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Domestic Horse
Conservation status: Domesticated

Scientific classification
Kingdom: Animalia
Phylum: Chordata
Class: Mammalia
Order: Perissodactyla
Family: Equidae
Genus: Equus
Species: E. caballus
Equus caballus
Linnaeus, 1758

The horse (Equus caballus or Equus ferus caballus) is a sizeable ungulate mammal, one of ten modern species of the genus Equus. Horses have long been one of the most economically important domesticated animals, and have played an important role in the transport of people and cargo for thousands of years. Most notably, horses can be ridden by a person perched on a saddle attached to the animal, and are also widely harnessed to pull objects like wheeled vehicles or plows. In some human cultures, horses are also widely used as a source of food. Though isolated domestication may have occurred as early as 4500 BC, clear evidence of widespread use by humans dates to no earlier than 2000 BC, as evidenced by the Sintashta chariot burials, thus firmly establishing the domestication of the horse. There are many types of horses. Some are very well known for certain things. Thoroughbreds are known for being race horses while no one above fifty pounds can ride a miniature horse.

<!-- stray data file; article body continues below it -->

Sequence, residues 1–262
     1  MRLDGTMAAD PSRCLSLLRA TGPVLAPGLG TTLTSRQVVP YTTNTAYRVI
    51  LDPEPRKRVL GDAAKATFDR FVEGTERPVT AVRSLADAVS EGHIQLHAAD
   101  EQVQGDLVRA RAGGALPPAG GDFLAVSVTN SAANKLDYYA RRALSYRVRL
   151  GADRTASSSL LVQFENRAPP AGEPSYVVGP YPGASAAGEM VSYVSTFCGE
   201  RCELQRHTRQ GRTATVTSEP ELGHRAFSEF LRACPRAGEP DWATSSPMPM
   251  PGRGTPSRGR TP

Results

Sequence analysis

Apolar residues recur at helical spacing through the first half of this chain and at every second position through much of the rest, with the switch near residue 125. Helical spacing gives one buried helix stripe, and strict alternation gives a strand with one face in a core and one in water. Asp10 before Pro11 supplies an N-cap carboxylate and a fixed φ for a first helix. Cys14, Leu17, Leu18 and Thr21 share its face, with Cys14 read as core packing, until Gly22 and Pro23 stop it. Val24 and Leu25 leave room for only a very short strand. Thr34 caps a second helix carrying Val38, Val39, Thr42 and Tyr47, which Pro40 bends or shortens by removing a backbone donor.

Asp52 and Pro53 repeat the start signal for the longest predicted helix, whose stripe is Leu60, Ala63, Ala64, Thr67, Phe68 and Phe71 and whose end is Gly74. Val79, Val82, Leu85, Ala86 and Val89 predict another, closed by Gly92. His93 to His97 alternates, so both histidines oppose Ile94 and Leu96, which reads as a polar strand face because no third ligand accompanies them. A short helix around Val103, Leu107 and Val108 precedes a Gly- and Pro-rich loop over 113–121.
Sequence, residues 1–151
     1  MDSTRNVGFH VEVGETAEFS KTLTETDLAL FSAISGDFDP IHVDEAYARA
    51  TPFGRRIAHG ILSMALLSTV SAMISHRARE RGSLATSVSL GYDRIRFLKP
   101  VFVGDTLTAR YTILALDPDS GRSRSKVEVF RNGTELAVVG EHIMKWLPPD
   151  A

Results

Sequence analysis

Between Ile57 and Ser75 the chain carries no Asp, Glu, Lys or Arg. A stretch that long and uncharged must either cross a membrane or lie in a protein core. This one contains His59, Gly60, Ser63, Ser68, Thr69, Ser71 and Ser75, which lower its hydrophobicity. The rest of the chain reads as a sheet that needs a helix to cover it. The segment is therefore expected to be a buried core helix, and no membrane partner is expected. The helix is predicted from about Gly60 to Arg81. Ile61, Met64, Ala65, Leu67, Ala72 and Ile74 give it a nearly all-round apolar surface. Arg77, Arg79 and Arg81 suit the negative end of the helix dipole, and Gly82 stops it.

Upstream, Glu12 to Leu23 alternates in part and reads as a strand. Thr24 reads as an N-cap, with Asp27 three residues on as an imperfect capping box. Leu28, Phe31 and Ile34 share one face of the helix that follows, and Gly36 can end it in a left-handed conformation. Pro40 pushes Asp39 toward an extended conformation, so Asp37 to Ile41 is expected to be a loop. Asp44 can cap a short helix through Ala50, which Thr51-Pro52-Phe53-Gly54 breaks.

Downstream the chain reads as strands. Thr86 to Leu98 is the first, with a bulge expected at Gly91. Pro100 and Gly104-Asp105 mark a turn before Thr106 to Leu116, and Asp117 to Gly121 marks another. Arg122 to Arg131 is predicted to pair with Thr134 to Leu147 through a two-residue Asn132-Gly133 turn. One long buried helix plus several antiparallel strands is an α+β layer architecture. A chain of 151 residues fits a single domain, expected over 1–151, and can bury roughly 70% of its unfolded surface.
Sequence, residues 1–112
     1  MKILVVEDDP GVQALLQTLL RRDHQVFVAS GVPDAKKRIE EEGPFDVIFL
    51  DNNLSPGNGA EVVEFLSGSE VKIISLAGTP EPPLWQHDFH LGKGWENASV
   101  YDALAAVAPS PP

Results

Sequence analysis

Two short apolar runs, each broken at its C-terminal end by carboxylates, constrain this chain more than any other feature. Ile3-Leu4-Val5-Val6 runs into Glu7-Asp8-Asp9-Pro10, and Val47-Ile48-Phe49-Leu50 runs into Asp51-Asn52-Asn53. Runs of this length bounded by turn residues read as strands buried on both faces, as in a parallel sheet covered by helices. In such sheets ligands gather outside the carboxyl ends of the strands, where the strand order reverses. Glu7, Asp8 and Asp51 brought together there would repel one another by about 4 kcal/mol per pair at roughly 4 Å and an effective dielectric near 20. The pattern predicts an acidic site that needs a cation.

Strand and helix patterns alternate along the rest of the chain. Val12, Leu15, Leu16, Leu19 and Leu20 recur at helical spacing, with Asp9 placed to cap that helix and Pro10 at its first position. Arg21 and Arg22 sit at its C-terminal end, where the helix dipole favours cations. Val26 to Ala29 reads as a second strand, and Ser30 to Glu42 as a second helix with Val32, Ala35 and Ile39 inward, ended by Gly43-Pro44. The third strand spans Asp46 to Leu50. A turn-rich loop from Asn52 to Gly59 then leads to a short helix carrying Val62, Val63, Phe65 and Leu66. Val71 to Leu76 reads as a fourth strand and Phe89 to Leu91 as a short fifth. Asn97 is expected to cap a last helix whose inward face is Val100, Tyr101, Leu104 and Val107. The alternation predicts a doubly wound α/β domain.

Until the middle of the 20th century, armies used horses extensively in warfare; soldiers still refer to the groups of machines that have replaced horses on the battlefield as " cavalry" units, and sometimes preserve traditional horse-oriented names for military units ( Lord Strathcona's Horse).

Domestication of the horse and surviving wild species